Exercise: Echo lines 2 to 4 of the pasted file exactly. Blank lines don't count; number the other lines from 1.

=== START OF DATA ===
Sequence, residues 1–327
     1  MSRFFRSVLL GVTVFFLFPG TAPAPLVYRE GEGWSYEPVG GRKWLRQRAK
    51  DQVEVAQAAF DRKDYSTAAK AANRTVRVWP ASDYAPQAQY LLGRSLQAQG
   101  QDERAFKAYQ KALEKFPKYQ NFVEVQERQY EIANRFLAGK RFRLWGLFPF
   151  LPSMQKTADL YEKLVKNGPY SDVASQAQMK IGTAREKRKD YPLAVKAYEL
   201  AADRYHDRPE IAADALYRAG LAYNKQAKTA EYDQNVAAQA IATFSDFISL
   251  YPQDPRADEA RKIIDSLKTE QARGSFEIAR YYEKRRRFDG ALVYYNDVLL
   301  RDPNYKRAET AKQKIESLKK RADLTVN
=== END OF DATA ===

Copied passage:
     1  MSRFFRSVLL GVTVFFLFPG TAPAPLVYRE GEGWSYEPVG GRKWLRQRAK
    51  DQVEVAQAAF DRKDYSTAAK AANRTVRVWP ASDYAPQAQY LLGRSLQAQG
   101  QDERAFKAYQ KALEKFPKYQ NFVEVQERQY EIANRFLAGK RFRLWGLFPF